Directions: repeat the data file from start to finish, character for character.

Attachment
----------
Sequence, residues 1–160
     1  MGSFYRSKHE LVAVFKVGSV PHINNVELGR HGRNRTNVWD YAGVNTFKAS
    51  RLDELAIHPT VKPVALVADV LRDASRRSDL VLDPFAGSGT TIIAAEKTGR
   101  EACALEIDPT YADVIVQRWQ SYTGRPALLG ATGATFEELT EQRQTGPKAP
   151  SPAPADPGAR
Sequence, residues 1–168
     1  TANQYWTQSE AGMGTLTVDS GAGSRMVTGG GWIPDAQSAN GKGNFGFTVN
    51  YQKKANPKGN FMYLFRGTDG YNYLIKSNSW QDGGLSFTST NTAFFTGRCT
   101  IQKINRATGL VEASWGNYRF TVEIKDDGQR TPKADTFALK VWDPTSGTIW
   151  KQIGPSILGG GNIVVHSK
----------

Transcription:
Sequence, residues 1–160
     1  MGSFYRSKHE LVAVFKVGSV PHINNVELGR HGRNRTNVWD YAGVNTFKAS
    51  RLDELAIHPT VKPVALVADV LRDASRRSDL VLDPFAGSGT TIIAAEKTGR
   101  EACALEIDPT YADVIVQRWQ SYTGRPALLG ATGATFEELT EQRQTGPKAP
   151  SPAPADPGAR
Sequence, residues 1–168
     1  TANQYWTQSE AGMGTLTVDS GAGSRMVTGG GWIPDAQSAN GKGNFGFTVN
    51  YQKKANPKGN FMYLFRGTDG YNYLIKSNSW QDGGLSFTST NTAFFTGRCT
   101  IQKINRATGL VEASWGNYRF TVEIKDDGQR TPKADTFALK VWDPTSGTIW
   151  KQIGPSILGG GNIVVHSK